UK Announces Social Investment Bank
26 March 2007 at 12:42 pm
Millions of pounds untouched for years in UK bank accounts are to be put into a central Social Investment Bank to be used for charities under plans announced by the British Government.
The UK Government plans to introduce primary legislation as soon as possible to allow unclaimed assets in dormant bank and building societies to be handed out.
Britain first outlined the proposal in December 2005 and has since been working with banks and building societies to design a scheme.
It is thought that anything from £400 million to £1 billion could be available from dormant bank accounts and injected into the UK Not for Profit sector!
Dormant accounts are defined as those untouched for 15 years. Account holders will be able to reclaim cash if they discover money in an account has been handed out.
The Commission on Unclaimed Assets has issued a detailed blueprint for using the unclaimed capital released from dormant bank accounts to create a new financial institution – the Social Investment Bank.
It says the funds will be used to step up the fight against poverty and social exclusion.
The Commission says its first priority though is to re-unite people with their cash, a right that they will retain whenever they come forward to it.
The Commission’s report concludes that the creation of a Social Investment Bank (SIB) could lead to the emergence of a thriving social investment market capable of fostering the inclusion of marginalised communities in the mainstream economy while enhancing skills and financial management across the charitable and voluntary sectors.
The Commission’s Chairman, Sir Ronald Cohen says a unique opportunity exists to create a new Social Investment Bank to act as a bridge between the social and financial communities, able to leverage its resources with money from private sources and the capital markets, and put them to work in our marginalised communities.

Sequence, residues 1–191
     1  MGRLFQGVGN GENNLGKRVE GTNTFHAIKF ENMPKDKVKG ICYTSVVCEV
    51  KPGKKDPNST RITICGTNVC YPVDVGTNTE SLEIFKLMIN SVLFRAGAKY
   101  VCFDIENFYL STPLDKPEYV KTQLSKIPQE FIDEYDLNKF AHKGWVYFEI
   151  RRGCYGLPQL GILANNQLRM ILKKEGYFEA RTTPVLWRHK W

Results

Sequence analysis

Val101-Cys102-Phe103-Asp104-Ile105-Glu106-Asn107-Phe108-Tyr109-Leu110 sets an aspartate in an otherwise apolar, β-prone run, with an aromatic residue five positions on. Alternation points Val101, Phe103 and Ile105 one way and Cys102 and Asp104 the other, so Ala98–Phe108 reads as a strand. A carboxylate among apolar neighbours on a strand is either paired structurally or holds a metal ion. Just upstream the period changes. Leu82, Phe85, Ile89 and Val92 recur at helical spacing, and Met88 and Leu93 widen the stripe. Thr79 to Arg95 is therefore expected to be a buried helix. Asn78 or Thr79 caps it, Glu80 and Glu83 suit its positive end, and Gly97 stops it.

The Commission of Unclaimed Assets key findings and conclusions are:
1) If the third sector is to continue to grow and meet its goal of supporting marginalised communities in a way that neither the state nor the private sector can, it urgently needs greater investment and professional support. Suitable capital should be available for organisations at all stages of development, from charities without trading revenue all the way to social enterprises that reinvest some or all of their profits in their mission and commercial businesses with a social purpose.
2) An independent Social Investment Bank should be created using the capital from dormant accounts to develop the social investment market on a scale that can support the UK’s vibrant and diverse but under-capitalised third sector, including social enterprise, community development and voluntary organisations. To be effective and able to operate credibly in capital markets, the Social Investment Bank will need founding capital of at least £250 million, with an annual income stream of £20 million for a minimum of four years.
3) The Social Investment Bank should be small, adaptable, innovative, and able to take risks. It should bring together the best of the financial and social sectors. It should act as a “wholesaler of capital” working through existing and new financial intermediaries, assisting their development and encouraging their growth.
4) The Social Investment Bank would undertake four initial activities:
a. Capitalise existing financial intermediaries and fill gaps in the marketplace where lack of capital is restricting social impact;
b. Develop the provision of advice, support and higher -risk investment so as to accelerate the growth of demand for repayable finance;
c. Develop programs of sustained investment in specific markets such as community regeneration and financial inclusion;
d. Support existing and new intermediaries in their efforts to raise private capital. These activities should attract significant additional finance into the sector.
5) The most effective way of providing significant capital to the third sector is by facilitating access to private finance as well as to the broader capital markets. Since financial returns are likely to be below mainstream rates of return, the Commission recommends that tax incentives should be used more broadly to encourage the flow of capital into social investment. Community Investment Tax Relief (CITR) should be significantly extended.
6) The Social Investment Bank should be an independent institution answerable to the third sector, with a governance framework that is effective, representative and compliant with best practice.
You can download the full report of the Commission of Unclaimed Assets